Cork Institute of Technology: de Blacam + Meagher
- This topic has 16 replies, 14 voices, and was last updated 12 years, 11 months ago by Anonymous.
May 1, 2007 at 9:30 am #709354AnonymousInactive
Hav’nt posted much lately but feel compelled to now have just received issue 226 of Architecture Journal of the RIAI. It features de Blacam + Meagher’s Cork Institute of Technology.
Lou Kahn will never be dead as long as de Blacam and Meagher are in practice but the buildings are stunning……pared, rigorous , strong and beautifully detailed. We could not produce a building like that in Scotland, the commitment is not yet in place or vision, intergrity and strength of purpose required and doubt if it could be done in the UK.
May 1, 2007 at 5:02 pm #788866
May 1, 2007 at 5:08 pm #788867AnonymousInactive
well thank goodness you responded Paul, thought it was going to drift off the forum without comment..
May 1, 2007 at 5:25 pm #788868Paul ClerkinKeymaster
nope… cannot wait to go down to Cork for a wander around it…. reckon its worth a trip to Cork in its own right
May 1, 2007 at 5:27 pm #788869adminKeymaster
They really are very very good with brick
May 1, 2007 at 5:42 pm #788870adminKeymaster
pretty cool … monumental stand alone building that certainly will stand the test of time.
Any aerial plans / images ? can’t quite get my head around site position / layout etc.
May 1, 2007 at 10:26 pm #788871AnonymousInactive
I agree it’s one of very few landmark buildings in Cork. I’m glad there is a new Cork thread. There are plenty of people who don’t contribute but enjoy reading all your comments.:)
May 2, 2007 at 9:34 am #788872AnonymousInactive
hell CasaNova, one of very few…..how many more have you got like that then?
Remarkable Peter, gives you the impression it will last 100 years and then some.
May 2, 2007 at 10:46 am #788873AnonymousInactive
Looks promising, but I’ve yet to see it in the flesh.
One (slightly negative) comment hits me, though, from viewing the images on the linked page above- is the whole thing built using running (stretcher) bond in the brickwork? The only variation I can see is the soldier courses at some parapets. If so, a pity and a missed opportunity, though the brickwork is leagues ahead of, say, the eyesore at the bottom of Henrietta Street in Dublin.
I wonder how the interiors will look once they become festooned with the usual five layers of Union posters and sellotape scars?
May 2, 2007 at 1:40 pm #788874AnonymousInactive
the stretcher bond used helps to give it its monumentality. i fear if other bond patterns were used it would have lost its integrity for sure
May 2, 2007 at 3:44 pm #788875AnonymousInactive
Looks like Mountjoy.
May 3, 2007 at 12:57 pm #788876AnonymousInactive
One worry I would have is that the limestone coping is flush with the brickwork and the coping’s horizontal surface is not slanted either back towards the roof or to the outside face of the building. In future years the college will have to keep the brickwork clean as algae will grow on the surface as the rainwater will not be shed properly.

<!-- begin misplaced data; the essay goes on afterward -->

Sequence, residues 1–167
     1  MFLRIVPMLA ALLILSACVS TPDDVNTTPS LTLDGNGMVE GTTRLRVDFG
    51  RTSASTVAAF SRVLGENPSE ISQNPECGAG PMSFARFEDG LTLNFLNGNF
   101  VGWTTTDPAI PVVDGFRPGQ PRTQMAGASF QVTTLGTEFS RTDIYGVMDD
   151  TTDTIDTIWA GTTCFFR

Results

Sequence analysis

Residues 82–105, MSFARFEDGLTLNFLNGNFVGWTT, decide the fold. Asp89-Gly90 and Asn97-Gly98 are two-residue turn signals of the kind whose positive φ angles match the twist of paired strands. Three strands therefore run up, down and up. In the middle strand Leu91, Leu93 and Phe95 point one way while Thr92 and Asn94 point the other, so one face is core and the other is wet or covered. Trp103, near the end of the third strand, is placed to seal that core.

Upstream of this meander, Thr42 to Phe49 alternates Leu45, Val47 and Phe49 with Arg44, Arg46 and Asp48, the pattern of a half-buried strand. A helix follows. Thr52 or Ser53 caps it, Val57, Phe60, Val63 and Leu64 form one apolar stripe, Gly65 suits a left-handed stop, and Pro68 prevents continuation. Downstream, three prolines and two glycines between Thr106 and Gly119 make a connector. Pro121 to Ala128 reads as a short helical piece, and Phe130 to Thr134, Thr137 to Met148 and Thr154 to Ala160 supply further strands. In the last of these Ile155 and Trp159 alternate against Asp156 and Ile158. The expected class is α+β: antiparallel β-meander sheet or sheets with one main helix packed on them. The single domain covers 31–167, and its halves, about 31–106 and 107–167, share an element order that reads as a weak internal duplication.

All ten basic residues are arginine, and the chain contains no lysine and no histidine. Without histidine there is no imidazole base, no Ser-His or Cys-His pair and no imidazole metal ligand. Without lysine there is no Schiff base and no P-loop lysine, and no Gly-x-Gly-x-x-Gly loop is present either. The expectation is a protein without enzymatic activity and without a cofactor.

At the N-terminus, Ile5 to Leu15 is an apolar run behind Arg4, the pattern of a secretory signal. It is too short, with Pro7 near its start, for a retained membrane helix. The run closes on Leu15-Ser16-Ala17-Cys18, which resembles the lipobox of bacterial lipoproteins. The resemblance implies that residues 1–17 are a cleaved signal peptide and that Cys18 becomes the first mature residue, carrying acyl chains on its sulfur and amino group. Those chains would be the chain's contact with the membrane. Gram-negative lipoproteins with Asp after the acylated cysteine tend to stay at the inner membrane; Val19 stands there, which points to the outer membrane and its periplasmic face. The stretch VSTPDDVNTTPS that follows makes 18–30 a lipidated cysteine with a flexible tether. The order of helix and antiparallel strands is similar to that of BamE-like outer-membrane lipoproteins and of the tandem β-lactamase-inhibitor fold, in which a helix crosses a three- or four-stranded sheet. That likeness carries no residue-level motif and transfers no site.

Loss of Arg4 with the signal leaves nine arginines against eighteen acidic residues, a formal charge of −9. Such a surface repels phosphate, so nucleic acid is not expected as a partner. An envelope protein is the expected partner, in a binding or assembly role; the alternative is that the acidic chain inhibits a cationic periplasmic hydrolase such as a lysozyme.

I understand that the roof is drained by 100mm pipes run within the cavity wall, I would imagine that the cavity will be bridged in many places leading to staining of the inner surfaces etc.
May 5, 2007 at 12:25 am #788877AnonymousInactive
I really don’t get it.
Maybe this is part of the problem between planners and architects (me planner).
It looks just about ok to me – not spectacular, not particularly attractive – maybe questionable functionality?
Maybe Art but not to my taste. Maybe Modern Art (I know what I like …etc.)
Not exciting for me – the Gherkin is exciting. La Defence is. New Lansdowne Stadium is.
I agree with Archipig.:(
May 5, 2007 at 1:37 am #788878AnonymousInactive
I stumbled across some pictures of this last week and was puzzled that we’d heard nothing about it till fairly recently – what a creation!
I think its appeal stems from being both chaste and daring, while also being comfortingly familar in use of materials and some aspects of design approch. It also surely comes from the fact that it looks like a hand-crafted building; indeed part of its monumentality is derived from appearing as if it took an eternity to build, being comprised of tiny elements struggling to create something great. And because there is a human touch to it in that sense, it moves away from the processed, machined facades we’re so used to nowadays. It looks like a very tactile, warm place. The corridors and larger public spaces are stunning.
One concern though is brick’s tendency to wear rather badly in interiors, developing that horrible grimey, glossy band running waist height around rooms and along corridors. It’s something that’s always made me queasy to look at – there’s just something so repulsive about worn, shiny brick. Not sure how it can be avoided…
May 5, 2007 at 3:10 pm #788879AnonymousInactive
Terrific building. For some reason, it brings to mind this gem of a church off O’Connell Street
Also, I’m sure de Blacam + Meagher took inspiration from the Tate Modern in London.
September 2, 2008 at 11:01 pm #788880AnonymousInactive
A few more pictures:
The circular court:
More medieval references: a cloister leading to the circular court
Finally, the older, library building
September 2, 2008 at 11:39 pm #788881AnonymousInactive
At the risk of being unpopular, I have to say I really don’t get this project, I have seen it in the “flesh”, and I liked the library a lot, but I find the whole thing very strange… a bit forced. In particular the great circular court feels like its trying too hard to be .:MONUMENTAL:. While the unity of thought and singular vision is admirable, and certinally it has character, which is a lot more than can be said for most campus additions (serial offenders Murray O’Laoire + RKD in UCD comes to mind) it becomes somewhat overpowering and feels all too heavy handed.(?)
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